The Boston Market Story

Y2K glitches wreak havoc

This story is embargoed until Y401(K)

3001 The Associated Proust

   HACKENSACK, N.J. -- From New York to London and Tokyo, the Y2K computer bug did not stop New Year's revelers from using automated teller machines to withdraw extra cash on the first day of the new millennium.  But when machines in Hackensack began spewing coupons for a dollar off on two rotisserie chicken dinners at a nearby Boston Market instead of crisp new twenty dollar bills, some consumers knew they were in trouble.

   "And it isn't even the millennium," Edwin P. Reiter, an award winning headline writer, said from his cell in the Bergen County Jail, where he was taken after being arrested for grand theft numismatology after attempting to pass several counterfeit coupons at the Boston Market.  The Boston Market chain wasn't founded until 1987, asserted Acting First Deputy Assistant Bergen County Prosecutor Charles "Y2Ken" Zisa, noting that the coupons had expired in 1900.

   Meanwhile, a consumer in London used his ATM card to get tuppence and instead received an invitation to a Tupperware party in Omaha, Nebraska, but when he attempted to purchase an airline ticket to go to the party his credit card was rejected as having expired a hundred years before, and in Austria several automated teller machines spewed  out Kurt Schilling rookie cards instead of hundred schilling notes.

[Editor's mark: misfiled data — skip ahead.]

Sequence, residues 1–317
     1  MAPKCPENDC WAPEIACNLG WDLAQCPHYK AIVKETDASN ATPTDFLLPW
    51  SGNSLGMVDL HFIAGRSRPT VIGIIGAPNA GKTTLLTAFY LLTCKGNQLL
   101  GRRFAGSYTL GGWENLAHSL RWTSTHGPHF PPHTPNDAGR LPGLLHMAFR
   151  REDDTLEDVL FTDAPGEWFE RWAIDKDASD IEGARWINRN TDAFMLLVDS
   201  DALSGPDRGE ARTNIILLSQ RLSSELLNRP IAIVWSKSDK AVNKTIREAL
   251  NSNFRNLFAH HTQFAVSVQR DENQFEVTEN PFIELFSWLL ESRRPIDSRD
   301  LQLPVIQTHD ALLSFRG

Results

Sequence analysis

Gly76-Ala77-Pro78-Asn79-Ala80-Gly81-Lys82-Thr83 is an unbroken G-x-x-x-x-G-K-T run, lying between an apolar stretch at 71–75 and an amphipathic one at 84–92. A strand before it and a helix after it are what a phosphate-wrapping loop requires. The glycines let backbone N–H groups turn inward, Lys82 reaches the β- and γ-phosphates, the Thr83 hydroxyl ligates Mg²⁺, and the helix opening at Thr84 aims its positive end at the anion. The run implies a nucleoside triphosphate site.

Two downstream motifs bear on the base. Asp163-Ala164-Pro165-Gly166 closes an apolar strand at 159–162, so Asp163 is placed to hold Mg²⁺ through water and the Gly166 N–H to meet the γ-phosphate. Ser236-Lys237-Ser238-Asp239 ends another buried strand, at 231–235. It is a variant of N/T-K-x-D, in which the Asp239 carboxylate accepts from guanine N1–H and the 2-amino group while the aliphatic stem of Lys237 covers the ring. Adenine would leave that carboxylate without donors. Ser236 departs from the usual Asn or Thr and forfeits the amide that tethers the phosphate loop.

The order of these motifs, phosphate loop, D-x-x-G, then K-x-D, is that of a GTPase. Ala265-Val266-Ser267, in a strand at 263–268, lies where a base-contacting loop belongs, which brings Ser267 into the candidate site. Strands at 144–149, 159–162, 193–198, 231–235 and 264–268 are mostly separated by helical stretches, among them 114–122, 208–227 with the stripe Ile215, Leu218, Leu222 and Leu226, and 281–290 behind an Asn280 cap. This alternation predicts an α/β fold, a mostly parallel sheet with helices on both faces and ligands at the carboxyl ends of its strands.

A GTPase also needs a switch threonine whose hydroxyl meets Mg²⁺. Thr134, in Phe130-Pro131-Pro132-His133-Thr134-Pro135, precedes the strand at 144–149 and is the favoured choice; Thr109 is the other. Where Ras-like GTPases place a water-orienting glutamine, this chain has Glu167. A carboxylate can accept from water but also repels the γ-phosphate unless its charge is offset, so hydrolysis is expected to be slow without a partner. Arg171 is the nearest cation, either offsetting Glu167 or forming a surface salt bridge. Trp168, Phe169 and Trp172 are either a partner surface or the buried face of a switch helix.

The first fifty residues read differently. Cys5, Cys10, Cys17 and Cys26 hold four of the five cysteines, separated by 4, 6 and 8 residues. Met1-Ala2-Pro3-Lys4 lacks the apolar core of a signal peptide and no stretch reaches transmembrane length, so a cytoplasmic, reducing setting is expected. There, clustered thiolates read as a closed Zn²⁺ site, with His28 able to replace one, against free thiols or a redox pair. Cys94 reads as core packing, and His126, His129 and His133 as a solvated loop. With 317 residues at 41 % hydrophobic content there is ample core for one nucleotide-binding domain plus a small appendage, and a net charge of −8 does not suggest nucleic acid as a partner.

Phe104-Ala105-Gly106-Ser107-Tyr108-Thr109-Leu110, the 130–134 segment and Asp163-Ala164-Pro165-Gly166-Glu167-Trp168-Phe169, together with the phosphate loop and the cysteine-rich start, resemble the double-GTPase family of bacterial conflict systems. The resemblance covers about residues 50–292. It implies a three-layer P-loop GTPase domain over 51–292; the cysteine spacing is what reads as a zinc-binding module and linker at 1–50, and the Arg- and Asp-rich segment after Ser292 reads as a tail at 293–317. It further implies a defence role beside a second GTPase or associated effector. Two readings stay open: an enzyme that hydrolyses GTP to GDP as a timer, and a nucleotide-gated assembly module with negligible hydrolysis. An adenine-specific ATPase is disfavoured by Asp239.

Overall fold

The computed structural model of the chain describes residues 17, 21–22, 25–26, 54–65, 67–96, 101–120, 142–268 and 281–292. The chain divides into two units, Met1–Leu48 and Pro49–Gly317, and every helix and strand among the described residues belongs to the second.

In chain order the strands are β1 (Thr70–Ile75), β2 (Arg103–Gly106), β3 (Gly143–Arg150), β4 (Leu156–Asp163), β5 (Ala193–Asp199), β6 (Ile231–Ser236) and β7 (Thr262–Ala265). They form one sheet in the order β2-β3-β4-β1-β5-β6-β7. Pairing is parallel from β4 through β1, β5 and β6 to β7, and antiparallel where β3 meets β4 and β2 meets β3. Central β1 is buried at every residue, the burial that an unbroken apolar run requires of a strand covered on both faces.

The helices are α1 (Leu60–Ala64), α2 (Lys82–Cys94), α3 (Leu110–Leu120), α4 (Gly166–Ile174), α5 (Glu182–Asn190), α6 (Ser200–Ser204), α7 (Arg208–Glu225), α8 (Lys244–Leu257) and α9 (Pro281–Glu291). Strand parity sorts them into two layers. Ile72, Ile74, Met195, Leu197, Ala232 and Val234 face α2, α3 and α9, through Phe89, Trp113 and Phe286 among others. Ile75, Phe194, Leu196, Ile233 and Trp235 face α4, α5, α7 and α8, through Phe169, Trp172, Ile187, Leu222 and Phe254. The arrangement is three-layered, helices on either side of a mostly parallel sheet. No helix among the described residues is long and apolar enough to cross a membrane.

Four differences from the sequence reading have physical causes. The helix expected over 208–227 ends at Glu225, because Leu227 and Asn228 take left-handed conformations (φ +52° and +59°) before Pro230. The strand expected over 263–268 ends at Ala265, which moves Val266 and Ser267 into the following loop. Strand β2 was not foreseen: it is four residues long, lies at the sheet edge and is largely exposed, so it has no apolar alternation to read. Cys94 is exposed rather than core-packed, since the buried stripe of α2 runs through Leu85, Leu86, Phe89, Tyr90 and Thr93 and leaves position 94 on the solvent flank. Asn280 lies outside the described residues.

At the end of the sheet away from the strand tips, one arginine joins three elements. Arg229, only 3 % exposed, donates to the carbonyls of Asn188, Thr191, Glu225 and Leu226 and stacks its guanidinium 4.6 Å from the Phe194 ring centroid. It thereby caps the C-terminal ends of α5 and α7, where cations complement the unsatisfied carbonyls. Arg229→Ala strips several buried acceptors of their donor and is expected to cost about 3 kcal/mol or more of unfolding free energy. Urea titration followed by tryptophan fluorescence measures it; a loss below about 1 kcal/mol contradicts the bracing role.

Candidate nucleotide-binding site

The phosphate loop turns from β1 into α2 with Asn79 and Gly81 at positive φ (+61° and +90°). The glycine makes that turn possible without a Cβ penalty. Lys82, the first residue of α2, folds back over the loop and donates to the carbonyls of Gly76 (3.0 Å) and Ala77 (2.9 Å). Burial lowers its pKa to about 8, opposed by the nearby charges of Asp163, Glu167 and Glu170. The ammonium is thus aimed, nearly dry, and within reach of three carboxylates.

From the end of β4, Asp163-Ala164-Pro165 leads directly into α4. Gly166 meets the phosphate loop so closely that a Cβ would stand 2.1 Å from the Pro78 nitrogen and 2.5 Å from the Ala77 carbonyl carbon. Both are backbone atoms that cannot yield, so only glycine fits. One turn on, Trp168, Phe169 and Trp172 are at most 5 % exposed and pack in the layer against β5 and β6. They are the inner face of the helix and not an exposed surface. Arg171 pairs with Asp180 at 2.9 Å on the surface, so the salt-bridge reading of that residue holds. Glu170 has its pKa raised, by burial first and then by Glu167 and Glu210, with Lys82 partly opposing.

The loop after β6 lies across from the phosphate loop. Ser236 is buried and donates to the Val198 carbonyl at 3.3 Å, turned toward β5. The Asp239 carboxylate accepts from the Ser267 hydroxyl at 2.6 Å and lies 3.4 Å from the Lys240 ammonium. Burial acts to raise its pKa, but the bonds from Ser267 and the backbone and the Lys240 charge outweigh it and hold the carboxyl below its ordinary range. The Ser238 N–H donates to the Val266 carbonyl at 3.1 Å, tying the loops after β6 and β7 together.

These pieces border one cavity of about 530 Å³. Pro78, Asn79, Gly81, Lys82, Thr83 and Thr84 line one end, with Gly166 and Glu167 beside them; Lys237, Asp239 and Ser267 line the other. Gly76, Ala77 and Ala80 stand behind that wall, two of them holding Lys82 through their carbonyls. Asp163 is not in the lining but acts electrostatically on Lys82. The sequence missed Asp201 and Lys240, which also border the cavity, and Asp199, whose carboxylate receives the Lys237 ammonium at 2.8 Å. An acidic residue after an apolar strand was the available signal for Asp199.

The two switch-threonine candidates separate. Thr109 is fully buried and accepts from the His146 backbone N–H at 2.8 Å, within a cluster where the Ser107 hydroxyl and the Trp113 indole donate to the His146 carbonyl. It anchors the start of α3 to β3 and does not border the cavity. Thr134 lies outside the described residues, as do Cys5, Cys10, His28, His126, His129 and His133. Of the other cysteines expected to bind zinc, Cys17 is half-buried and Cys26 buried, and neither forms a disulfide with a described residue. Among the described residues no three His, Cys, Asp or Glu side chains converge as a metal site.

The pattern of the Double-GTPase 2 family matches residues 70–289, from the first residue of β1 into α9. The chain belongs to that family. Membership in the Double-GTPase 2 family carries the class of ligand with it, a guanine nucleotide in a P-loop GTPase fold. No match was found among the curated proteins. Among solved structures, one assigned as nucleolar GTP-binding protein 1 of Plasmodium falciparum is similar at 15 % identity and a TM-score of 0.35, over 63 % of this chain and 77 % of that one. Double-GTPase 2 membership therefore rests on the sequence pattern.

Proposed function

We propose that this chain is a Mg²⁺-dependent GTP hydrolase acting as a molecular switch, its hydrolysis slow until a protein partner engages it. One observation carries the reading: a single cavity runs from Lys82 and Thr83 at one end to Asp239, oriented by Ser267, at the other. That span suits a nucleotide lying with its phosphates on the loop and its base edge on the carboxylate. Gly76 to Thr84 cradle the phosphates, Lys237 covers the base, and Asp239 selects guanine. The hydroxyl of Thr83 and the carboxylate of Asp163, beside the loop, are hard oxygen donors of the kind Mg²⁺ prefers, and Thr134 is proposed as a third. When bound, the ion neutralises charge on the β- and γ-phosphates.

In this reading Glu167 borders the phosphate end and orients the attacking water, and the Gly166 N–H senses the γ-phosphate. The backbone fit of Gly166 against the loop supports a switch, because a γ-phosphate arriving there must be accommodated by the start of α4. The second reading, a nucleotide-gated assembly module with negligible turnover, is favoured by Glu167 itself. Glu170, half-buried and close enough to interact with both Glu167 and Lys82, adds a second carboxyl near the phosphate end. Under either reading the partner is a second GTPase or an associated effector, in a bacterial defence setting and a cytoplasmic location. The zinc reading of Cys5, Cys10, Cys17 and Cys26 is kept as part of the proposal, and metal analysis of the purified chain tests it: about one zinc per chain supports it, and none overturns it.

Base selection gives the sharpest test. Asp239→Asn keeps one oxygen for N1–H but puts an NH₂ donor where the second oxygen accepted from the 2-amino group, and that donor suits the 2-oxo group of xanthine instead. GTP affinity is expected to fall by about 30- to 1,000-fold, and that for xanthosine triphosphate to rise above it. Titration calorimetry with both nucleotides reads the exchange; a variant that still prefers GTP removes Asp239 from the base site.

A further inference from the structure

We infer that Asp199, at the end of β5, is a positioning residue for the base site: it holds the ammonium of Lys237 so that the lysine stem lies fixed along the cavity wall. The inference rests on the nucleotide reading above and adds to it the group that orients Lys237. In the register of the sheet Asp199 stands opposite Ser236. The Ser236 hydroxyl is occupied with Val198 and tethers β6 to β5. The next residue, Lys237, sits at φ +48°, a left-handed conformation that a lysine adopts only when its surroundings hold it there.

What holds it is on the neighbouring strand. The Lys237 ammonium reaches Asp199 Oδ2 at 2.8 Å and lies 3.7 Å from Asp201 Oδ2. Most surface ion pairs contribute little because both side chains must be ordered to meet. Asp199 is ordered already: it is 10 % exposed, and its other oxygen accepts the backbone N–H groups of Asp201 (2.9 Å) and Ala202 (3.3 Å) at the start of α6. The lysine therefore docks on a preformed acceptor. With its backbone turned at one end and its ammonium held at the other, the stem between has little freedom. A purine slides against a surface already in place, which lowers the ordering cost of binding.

Three Britons were admitted to Worcestershire Hospital in England with injured feet when 20-pound notes from a local ATM fell and crushed their toes.  Authorities blamed the weight of the 20-pound notes on the Y2K related failure of the ATMs to differentiate between lead and currency.  The injured customers were treated with Worcestershire sauce and released.

AP ES - 01-01-00 0016EST